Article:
Crude failed to rally after Saudi Arabia, Russia, and other countries agreed to freeze production at January levels. But there may be other signals that prices will fall.
The Chicago Board Options Exchanges’ (CBOE) Crude Oil Volatility Index (^OVX) remains at elevated levels. On Tuesday, the “Oil VIX” traded at 81.12, its highest level since the financial crisis. The index is a prediction of expected volatility in oil prices in the month ahead.
Some view the Oil VIX similarly to the S&P 500’s (^GSPC) volatility index (^VIX). The latter is often used as a gauge of market fear and frequently trades in the opposite direction of the underlying index itself.
Traders should be wary of applying that thinking to the commodity volatility indices, said Russell Rhoads, director of program development at the CBOE Options Institute. Nonetheless, Rhoads sees other indicators pointing to lower crude prices.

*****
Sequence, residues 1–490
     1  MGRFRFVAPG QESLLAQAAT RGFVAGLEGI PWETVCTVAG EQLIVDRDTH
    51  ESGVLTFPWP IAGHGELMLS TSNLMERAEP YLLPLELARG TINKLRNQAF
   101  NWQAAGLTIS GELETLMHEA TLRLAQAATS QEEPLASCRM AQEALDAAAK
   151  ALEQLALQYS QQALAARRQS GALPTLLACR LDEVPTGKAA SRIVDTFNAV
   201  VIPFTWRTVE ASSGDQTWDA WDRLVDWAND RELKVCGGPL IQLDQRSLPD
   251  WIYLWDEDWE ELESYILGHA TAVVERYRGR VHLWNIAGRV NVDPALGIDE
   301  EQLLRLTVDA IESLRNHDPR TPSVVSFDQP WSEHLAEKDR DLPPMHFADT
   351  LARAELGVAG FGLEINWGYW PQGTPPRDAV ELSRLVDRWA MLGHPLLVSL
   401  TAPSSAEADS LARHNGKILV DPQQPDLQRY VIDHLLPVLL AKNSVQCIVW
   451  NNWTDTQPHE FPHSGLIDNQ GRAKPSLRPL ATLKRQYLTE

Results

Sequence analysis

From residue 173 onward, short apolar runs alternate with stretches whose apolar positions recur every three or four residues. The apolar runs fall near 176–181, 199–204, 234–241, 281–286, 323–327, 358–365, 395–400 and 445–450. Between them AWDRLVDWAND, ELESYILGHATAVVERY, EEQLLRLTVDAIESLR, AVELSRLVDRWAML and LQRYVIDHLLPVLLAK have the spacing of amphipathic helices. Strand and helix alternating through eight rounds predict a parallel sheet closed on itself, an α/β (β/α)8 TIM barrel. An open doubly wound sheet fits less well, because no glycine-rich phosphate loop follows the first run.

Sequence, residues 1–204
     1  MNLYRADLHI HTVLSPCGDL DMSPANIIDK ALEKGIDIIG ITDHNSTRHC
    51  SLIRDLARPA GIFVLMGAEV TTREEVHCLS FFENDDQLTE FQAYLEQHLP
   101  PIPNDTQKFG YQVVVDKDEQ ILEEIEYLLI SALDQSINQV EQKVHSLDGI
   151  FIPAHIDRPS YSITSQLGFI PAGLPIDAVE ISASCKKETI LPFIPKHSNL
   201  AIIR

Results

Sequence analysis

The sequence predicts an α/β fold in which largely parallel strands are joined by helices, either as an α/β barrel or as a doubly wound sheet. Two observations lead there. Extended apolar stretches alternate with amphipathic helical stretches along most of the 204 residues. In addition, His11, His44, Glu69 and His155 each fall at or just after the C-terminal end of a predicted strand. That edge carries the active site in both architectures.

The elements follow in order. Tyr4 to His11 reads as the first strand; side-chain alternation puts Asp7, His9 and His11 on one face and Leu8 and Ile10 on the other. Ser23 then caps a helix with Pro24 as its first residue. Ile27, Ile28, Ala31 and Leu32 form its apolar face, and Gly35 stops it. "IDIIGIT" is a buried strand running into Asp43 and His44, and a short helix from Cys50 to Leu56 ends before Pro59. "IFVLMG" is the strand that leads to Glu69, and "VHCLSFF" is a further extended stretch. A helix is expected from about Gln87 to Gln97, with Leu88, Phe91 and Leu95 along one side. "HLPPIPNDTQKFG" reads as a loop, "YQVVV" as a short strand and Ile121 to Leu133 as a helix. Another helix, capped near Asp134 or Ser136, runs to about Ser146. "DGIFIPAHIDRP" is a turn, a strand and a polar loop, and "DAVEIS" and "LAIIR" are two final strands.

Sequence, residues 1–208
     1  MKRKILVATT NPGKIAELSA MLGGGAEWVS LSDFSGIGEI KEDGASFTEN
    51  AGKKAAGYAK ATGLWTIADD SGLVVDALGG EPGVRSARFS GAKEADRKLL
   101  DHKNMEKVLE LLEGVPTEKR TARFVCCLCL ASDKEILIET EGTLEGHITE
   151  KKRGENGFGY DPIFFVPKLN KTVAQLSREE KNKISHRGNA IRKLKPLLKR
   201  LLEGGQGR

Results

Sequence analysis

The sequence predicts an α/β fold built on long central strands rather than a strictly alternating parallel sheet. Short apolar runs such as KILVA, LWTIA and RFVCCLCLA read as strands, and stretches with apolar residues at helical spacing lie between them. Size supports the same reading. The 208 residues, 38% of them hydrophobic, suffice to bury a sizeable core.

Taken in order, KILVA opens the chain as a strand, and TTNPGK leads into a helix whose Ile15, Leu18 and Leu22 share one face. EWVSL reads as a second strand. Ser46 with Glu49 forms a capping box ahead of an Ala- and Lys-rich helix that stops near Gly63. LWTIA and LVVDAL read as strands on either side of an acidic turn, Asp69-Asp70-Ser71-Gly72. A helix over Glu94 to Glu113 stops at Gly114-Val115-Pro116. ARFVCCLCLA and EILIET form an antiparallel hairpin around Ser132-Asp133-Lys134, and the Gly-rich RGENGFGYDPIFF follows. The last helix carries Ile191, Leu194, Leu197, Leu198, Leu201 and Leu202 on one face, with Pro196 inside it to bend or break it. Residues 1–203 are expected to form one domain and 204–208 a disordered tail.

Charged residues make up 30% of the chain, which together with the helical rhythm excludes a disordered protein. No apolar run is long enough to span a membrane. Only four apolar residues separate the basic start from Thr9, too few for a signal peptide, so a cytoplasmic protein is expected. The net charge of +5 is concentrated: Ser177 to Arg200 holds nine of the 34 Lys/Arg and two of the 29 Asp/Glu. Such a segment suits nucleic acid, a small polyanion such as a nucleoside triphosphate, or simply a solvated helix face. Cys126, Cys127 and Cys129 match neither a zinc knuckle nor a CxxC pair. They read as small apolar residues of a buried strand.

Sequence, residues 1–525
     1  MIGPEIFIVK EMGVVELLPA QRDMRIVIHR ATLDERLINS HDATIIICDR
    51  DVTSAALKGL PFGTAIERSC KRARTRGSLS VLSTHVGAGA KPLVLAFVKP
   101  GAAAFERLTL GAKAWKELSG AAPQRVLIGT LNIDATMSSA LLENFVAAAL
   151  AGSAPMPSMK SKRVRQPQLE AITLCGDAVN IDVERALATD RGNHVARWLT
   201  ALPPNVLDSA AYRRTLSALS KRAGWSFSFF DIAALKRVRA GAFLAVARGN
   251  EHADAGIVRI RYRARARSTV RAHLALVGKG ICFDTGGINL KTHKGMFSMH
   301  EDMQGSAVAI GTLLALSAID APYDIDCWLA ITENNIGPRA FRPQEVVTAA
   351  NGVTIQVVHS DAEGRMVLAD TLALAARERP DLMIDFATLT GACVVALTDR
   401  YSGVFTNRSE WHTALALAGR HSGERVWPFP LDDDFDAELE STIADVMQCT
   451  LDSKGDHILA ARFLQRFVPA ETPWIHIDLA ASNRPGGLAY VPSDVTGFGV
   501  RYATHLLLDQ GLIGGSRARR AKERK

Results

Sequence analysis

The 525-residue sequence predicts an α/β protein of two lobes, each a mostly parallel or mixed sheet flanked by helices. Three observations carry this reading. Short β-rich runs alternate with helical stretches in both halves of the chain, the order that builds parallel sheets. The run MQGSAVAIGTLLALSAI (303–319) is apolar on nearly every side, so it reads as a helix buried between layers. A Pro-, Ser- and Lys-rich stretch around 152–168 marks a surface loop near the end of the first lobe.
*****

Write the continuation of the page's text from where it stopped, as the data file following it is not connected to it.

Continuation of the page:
“Looking at the out-of-the-money puts versus the out-of-money calls, it looks like the concern is downside for oil from here,” he said.
And while the S&P 500’s VIX generally spikes as the index drops, Rhoads sees the OVX combining both current and future volatility.
“I've actually done some work where I look at the predictive ability of these volatility indexes for future volatility and they actually do a pretty good job of looking forward as well,” he said. “The fact that OVX is making new highs recently, it’s pointing to further volatility from the underlying market.”
Rhoads doesn’t have an outright prediction of oil’s next move but says the market is bias clear. “The biggest concern is about lower oil prices as opposed to higher oil prices,” he said.
“You can be like an economist and take that either way, saying that we're going to drop because there's more worry and people are afraid to get long oil,” he added, along a hedge, “or maybe we've reached a bottom because everybody's already protected against a drop to the downside in oil.”
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